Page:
So what do you do now with Infragistics?

I have worked at Infragistics as the Product Manager for everything XAML for nearly 3 years.  I cover all the WPF, Silverlight, Windows Phone, and Windows 8 controls.  For those not familiar with what a Product Manager is or does; a Product Manager is just a fancy word for “customer’s voice”.  My job is to be my customer’s voice into the product.  If a customer needs a new control or feature in a product, they just let me know, and I make it happen.  So, if you have a feature request for one of our XAML products, I need to know about it.  Of course, there is much more to what I do, but that sums up the most important part of my job.

As a Product Manager, you get out to a lot of events in the developer community. What’s your favorite part about that?

What’s interesting, is that most Product Managers do not attend or speak at events, but rather stay in the office behind closed doors.  I’m not that kind of guy.  So, if I had to choose a favorite part, it would have to be the people.  I have to be involved in my community, interacting with my peers, sharing my knowledge and learning from others.  I get to meet people from all over the world, and get different perspectives on various technical topics, that not only helps me with my job as a Product Manager, but also helps me grow as a person.  Some of my best and closest friends were made at a developer event.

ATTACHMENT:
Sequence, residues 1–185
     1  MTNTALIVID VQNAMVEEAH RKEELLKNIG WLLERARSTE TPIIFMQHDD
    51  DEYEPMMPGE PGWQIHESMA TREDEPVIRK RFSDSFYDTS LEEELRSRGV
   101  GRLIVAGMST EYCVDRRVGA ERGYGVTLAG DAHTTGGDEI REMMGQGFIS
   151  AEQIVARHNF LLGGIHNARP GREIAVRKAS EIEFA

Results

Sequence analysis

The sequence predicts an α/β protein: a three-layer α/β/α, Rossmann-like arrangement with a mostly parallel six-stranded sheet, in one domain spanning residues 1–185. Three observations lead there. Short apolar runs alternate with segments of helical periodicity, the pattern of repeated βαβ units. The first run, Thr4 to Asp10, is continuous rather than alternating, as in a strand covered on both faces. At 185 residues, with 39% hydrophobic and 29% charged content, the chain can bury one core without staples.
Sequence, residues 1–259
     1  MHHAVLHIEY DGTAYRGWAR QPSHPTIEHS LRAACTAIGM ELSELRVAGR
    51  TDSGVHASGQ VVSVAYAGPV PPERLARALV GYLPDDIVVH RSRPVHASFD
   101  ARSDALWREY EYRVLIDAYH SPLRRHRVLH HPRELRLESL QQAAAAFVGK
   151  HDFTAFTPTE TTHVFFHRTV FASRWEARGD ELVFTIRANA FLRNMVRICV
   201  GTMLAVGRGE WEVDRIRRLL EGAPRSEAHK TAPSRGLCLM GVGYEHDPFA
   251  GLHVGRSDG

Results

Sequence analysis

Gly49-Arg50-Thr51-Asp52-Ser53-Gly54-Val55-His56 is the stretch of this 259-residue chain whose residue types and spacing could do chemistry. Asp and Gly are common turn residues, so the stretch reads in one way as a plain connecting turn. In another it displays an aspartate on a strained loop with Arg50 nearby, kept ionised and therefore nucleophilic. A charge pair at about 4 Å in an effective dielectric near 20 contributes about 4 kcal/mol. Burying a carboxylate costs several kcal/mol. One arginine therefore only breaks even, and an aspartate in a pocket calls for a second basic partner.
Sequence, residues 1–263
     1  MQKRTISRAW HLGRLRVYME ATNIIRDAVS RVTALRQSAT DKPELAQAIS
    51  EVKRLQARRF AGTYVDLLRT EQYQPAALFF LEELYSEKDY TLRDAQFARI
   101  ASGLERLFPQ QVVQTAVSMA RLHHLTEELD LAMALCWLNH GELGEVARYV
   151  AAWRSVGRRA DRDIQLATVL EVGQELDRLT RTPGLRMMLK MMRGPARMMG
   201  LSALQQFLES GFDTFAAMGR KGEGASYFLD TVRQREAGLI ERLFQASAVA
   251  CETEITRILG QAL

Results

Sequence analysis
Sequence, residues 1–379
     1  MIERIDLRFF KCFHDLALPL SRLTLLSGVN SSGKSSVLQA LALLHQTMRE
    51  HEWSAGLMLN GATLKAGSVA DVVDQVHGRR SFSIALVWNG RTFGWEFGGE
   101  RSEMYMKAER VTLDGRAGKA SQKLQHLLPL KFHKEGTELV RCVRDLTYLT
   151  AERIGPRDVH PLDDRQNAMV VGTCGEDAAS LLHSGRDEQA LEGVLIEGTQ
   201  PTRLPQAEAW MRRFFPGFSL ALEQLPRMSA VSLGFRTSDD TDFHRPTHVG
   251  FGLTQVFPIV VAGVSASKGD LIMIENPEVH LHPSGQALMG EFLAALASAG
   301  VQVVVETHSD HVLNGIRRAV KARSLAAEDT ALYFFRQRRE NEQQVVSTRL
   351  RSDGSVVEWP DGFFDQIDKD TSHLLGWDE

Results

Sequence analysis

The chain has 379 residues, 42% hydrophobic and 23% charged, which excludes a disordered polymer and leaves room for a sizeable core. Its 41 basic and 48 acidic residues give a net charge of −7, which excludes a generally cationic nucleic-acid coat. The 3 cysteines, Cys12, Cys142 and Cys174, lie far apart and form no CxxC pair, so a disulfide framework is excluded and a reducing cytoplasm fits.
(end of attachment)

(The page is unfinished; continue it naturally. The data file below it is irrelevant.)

You’re presenting at a lot of events this fall. Tell us about that.

The week of October 6th I’ll be in Washington, DC speaking at VS Live – if you plan on attending, make sure to stop by and see me! While there, I’ll be presenting two talks that I’m really excited about. The first one, “Creating Cross-Platform Games with Unity”, is an introduction to game development.  This session is meant for those people who are new to game development and would like to know how to get started quickly.  In this session I cover all the basics of using the Unity game engine to get started writing cross-platform games. We look at how to navigate the Unity IDE, as well as how to create scenes, add objects to scenes, add sound effects and music, as well as add animated first person characters, and how to add scripting using your current C# or JavaScript skills.